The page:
Mockingjay – Part 2 didn’t seem likely to be the best part of Katniss Everdeen’s story. First off, it was based on the final book in the Hunger Games trilogy, considered the weakest by a lot of readers. And that book was split into two movies, which could easily be interpreted as a cynical cash-grab rather than something artistically motivated. But this ends up working out surprisingly well. There is room for characters to breathe and the end game is nicely straightforward yet more nuanced than you would expect.
Katniss (Jennifer Lawrence) has been a reluctant symbol of the resistance for so long now, that it comes as a major relief that she actually takes initiative here. She is proactive, rather than reactive and that makes it easier to root for her. Her major talent for a while mostly seemed to be that she could ad-lib inspiring speeches at the drop of a hat, but here she lets loose with her bow as well. Admittedly, the plan she formulates maybe isn’t the best and at times she and her band of rebels seem a bit naive. If one is being hunted down, would one not try to properly disuigse oneself? Just putting a hood over your head and hoping security gets distracted at exactly the right moment really isn’t much of a plan.
Snow (Donald Sutherland) is deliciousy Evil here, even fullfilling the time-honored tradition of killing a minion in front of his other henchmen to keep them in line. The story shows that he must have an insane amount of manpower and money at his disposal, as he sprinkles ridiculously elaborate death traps all around a city. I missed how he is making his money back on this or why he is going through the trouble of being spectacular rather than efficient at killing. I guess it is being televised, but it seems strange to focus on showmanship while Snow’s backers feel they’re in mortal danger.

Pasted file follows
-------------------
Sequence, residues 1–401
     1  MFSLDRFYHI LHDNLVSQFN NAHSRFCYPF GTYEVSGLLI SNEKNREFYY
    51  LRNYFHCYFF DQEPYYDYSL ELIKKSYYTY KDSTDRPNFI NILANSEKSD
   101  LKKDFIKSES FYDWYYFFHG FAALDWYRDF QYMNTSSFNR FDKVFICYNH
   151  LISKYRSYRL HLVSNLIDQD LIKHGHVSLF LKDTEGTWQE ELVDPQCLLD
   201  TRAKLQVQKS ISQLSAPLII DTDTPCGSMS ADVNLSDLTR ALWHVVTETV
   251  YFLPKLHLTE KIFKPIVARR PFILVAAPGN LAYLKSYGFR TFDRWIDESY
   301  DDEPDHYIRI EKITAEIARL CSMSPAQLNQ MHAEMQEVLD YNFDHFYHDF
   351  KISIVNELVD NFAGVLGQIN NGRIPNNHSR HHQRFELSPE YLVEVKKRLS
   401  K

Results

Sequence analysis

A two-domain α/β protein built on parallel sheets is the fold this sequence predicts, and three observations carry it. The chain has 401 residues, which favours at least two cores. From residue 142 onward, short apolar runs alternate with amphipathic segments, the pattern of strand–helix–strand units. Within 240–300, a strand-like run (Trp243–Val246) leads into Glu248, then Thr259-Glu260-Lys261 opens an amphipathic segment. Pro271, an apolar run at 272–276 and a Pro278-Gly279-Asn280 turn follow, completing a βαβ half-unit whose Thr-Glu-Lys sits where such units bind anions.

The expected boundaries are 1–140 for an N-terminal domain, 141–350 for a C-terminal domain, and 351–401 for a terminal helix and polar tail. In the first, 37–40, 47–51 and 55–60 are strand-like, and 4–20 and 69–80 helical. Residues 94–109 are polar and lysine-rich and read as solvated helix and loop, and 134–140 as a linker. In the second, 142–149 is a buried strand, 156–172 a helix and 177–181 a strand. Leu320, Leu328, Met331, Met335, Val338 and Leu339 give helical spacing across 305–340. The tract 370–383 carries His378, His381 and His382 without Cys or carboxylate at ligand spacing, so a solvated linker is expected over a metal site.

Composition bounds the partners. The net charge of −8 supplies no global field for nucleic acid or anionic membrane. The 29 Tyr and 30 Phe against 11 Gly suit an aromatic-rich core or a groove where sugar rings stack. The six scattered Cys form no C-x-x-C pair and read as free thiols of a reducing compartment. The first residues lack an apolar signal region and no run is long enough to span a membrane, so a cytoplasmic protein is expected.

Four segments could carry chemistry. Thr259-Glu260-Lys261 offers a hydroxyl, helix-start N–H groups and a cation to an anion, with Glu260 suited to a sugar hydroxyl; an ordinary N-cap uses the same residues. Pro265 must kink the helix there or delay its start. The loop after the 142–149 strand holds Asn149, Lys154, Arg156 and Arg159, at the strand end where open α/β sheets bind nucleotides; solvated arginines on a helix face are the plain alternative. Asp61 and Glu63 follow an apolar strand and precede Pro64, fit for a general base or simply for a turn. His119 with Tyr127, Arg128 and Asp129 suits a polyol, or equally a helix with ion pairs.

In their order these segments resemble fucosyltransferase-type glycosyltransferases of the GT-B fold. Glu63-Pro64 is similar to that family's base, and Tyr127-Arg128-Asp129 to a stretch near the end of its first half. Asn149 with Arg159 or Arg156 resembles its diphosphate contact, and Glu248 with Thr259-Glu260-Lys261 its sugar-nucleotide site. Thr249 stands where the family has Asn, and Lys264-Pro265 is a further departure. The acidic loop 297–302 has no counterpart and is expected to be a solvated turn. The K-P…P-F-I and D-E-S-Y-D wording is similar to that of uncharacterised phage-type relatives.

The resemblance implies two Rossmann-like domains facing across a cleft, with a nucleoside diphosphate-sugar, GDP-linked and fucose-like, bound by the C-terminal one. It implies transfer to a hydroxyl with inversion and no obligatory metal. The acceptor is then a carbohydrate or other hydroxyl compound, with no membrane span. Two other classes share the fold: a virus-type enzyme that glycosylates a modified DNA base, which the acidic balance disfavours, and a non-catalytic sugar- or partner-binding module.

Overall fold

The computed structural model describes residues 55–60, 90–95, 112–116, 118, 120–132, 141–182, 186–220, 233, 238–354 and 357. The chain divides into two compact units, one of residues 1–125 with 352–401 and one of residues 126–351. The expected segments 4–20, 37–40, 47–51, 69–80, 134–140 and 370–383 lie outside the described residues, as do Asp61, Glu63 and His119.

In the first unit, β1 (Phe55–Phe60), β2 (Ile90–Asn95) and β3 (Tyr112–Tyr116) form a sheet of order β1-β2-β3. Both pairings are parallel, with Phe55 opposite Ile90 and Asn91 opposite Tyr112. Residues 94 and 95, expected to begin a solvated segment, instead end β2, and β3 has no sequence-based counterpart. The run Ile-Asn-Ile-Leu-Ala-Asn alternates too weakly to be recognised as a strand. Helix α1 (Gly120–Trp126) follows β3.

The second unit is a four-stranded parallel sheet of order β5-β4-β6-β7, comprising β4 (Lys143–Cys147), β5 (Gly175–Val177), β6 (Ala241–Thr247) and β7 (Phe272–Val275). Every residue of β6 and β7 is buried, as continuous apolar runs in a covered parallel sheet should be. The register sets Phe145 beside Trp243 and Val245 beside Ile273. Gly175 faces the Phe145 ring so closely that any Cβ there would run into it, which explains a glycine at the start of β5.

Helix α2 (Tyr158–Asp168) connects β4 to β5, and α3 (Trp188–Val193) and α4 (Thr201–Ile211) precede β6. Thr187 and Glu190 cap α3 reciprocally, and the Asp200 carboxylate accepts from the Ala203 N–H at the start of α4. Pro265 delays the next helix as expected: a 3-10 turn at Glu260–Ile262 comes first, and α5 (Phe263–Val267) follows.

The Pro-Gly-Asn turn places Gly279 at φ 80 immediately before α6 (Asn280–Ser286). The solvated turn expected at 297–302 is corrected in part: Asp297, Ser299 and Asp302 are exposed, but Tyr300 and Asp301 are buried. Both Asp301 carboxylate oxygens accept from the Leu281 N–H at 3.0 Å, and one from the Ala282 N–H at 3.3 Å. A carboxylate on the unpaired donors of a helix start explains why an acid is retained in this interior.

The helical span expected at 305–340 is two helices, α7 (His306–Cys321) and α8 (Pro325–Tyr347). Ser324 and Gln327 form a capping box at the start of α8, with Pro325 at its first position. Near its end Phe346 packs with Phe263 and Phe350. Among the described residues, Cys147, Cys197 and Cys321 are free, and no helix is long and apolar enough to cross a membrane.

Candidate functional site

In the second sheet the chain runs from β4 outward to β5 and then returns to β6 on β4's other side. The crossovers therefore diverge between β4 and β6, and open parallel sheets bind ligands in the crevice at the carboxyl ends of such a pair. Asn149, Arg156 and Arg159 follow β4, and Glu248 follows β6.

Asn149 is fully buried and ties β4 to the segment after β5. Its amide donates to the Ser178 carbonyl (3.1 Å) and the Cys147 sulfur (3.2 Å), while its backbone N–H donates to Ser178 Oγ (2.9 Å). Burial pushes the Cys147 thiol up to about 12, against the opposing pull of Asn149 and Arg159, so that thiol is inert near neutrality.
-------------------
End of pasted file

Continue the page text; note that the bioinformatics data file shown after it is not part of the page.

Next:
Thematically it fits though, as the film is very much about propaganda, with both sides of the war manipulating the masses. Julianne Moore’s character President Alma Coin (The other side of the same ‘coin’ by any chance? See what they did there?) is as morally malleable as Snow is. There is no clear black and white here, only grey area and a lot of innocents dying. The downbeat – but not too downbeat – ending seems appropriate, much more interesting than an unnuanced happy ending would have been.
In the final scenes of the movie, Philip Seymour Hoffman’s absence is felt. He died before filming was completed and was digitally added in the background of some scenes while being written out of others. There is closure to his arc, but it’s not hard to spot the gap between what they originally intended to do and what they were able to do.
I guess if you have seen the rest of the Hunger Games movies, you will be seeing this one, and if you haven’t, you won’t be starting here. But as a pay-off to the other movies, this one doesn’t disappoint. Even if I still have no clue what was up with that cat-lady or with the underground monsters, who suddenly and just temporarily turned the flick into a pseudo-sequel to Aliens. Goodbye Katniss, it’s been swell watching you.